in this area, much work has already been done to illustrate the an analysis of power differentials (e.g., between genders, classes,
relevance of human rights to social policy.57 A large body of regions, nations). It is not sufficient to highlight individual violations of
literature addresses various dimensions of global economic and economic and social rights; analysis needs to question the underlying
financial governance and related issues (e.g., climate change, structures and relationships (and the collective responsibility of
debt, aid) from a human rights perspective. In addition, various States in perpetuating them) that generate violations. If advocates
UN human rights mechanisms, especially the Office of the High of rights do not take this step, they risk losing political credibility
Commissioner for Human Rights and a growing number of among activists seeking social justice and may be perceived as
Special Procedures, have produced analyses of foreign debt, justifying and defending the status quo.
extreme poverty, food security, water, social security programmes,
education, etc. that help substantiate the links between protection

Itotofisquestion
of human rights and economic policy-making. not sufficient to highlight individual violations
economic and social rights: analysis needs
the underlying structures and
Human Rights as an Ethical Lens relationshipsand the collective responsibility
of States in perpetuating themthat generate
As work in this area progresses, it will be important for all actors violations.
involved to consider two distinct strengths of the international
human rights framework: its emphasis on accountability (the
clear identification of duties and of the persons and institutions
More Self-Reflection
responsible for honouring them, supported by legal consequences
for misconduct) and its internationally recognised ethical values of
The economic and also the environmental crisis have made it clear
participation (non-discrimination and transparency), which can be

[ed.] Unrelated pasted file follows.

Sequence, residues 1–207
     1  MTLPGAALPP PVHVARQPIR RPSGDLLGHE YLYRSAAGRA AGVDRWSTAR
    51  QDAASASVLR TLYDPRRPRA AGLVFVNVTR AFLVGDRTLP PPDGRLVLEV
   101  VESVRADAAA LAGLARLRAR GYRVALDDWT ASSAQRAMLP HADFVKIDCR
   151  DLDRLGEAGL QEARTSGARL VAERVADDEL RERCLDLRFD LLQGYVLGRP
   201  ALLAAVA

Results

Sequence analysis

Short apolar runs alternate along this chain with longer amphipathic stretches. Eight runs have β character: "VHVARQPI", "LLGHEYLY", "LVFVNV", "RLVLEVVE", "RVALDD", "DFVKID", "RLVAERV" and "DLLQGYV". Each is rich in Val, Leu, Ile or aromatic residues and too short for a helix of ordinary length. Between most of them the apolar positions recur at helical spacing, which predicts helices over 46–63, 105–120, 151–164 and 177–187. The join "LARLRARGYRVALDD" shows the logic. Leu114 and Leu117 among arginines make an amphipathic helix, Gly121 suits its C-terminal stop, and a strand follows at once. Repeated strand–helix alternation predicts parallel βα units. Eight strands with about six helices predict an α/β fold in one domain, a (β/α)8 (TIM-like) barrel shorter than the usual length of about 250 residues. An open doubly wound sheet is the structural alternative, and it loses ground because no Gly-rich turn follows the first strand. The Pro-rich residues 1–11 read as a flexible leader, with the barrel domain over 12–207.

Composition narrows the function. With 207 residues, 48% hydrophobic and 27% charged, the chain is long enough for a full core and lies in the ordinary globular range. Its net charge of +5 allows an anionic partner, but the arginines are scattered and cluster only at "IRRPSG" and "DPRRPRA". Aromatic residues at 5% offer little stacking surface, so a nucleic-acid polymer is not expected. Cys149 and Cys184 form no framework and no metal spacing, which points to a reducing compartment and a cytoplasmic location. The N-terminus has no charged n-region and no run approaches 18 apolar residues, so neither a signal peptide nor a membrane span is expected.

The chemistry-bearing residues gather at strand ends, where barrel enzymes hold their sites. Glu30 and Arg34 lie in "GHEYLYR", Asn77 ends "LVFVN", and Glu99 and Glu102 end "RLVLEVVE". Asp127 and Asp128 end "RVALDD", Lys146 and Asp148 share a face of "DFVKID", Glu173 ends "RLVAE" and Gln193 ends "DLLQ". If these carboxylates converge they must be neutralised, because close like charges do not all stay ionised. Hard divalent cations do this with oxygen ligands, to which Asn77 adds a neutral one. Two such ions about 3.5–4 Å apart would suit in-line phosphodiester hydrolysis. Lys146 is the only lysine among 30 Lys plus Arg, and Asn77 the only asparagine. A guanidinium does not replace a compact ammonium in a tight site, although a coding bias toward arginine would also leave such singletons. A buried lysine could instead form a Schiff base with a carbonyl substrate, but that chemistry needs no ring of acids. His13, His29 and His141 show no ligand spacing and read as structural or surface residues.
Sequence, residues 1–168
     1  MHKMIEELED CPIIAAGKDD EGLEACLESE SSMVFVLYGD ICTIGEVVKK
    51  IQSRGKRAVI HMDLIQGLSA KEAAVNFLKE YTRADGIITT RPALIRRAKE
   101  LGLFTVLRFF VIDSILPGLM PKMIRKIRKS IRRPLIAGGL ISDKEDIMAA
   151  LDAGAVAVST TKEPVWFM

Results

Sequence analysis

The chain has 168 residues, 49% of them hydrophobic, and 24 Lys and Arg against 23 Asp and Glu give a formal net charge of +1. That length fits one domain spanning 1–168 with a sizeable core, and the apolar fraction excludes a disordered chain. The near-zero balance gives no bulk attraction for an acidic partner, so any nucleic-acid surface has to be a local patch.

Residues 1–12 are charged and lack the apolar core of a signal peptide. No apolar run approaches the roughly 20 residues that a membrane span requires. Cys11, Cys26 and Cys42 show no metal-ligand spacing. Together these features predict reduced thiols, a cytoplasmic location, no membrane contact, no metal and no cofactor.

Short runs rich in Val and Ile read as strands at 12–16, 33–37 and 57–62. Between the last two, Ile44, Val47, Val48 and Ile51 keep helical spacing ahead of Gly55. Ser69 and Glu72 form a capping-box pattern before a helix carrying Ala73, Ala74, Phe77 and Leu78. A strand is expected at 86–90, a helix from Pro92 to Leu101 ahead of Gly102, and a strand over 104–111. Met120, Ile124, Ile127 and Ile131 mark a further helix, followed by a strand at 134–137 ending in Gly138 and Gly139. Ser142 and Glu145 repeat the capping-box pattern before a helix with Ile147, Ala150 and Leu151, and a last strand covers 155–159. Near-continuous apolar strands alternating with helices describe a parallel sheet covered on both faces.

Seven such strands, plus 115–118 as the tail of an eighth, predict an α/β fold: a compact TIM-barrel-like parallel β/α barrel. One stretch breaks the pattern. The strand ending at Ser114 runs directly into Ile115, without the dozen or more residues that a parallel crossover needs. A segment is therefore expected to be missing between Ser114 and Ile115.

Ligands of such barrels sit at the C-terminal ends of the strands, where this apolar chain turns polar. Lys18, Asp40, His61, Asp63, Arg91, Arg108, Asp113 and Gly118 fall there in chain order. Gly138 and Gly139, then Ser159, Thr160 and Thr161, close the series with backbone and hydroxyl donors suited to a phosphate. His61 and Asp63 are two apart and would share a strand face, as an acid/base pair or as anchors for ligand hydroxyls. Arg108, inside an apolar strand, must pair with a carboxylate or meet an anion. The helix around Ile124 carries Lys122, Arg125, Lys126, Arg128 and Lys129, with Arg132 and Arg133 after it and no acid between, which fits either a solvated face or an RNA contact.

that a range of actors needs to give more substantial attention
applied to the design and evaluation of policy.
to the ethical underpinnings of the global economy and global
governance issues. It is widely acknowledged that human rights
Attempts have already been made to use human rights to audit
advocates generally lag behind other sectors of civil society in
macro-economic policy, drawing on basic human principles and
giving attention to economic policy matters, and need to take a
the respect, protect and fulfil framework.58 Human rightsbased
more visible role in debates on poverty reduction.
audits of national and local authority budgets, human rights impact
assessments, and efforts to develop human rights benchmarks
Questions raised at the Colloquium included:
and indicators all provide valuable elements to build on.59
Do human rights organisations need to change or adapt
Even where the human rights framework is insufficiently precise, human rights norms to engage more effectively on economic
human rights principles (i.e., non-discrimination, gender equality, matters?
protection for vulnerable groups, the fulfilment of minimum core
What are the implications of the focus on poverty and economic
standards of shelter, health, education and social security, non-
justice for human rights organisations and their work?
retrogression, participation, access to remedies) have significant
universal resonance. The current economic crisis has created In particular, how should human rights organisations adapt
opportunities to advance the idea that national and global their institutional culture and practices to respond to these new
economic and financial regimes must have social content and realities?
reflect a foundation of values. Human rights principles can meet